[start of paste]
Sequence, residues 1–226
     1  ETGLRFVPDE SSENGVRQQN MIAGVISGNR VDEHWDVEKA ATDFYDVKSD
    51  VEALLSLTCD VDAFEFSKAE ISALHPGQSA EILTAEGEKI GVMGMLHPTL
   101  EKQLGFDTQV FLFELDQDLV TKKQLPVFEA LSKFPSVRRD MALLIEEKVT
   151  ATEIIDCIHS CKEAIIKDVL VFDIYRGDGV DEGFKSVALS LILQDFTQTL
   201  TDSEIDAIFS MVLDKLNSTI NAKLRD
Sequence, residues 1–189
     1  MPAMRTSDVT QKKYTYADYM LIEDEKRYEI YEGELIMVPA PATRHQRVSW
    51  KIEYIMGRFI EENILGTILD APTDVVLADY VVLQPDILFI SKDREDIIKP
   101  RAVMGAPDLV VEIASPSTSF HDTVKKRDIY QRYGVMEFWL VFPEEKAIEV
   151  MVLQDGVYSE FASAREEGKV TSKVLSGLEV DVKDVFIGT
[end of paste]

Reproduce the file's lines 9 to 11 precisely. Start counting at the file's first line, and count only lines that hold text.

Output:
    51  KIEYIMGRFI EENILGTILD APTDVVLADY VVLQPDILFI SKDREDIIKP
   101  RAVMGAPDLV VEIASPSTSF HDTVKKRDIY QRYGVMEFWL VFPEEKAIEV
   151  MVLQDGVYSE FASAREEGKV TSKVLSGLEV DVKDVFIGT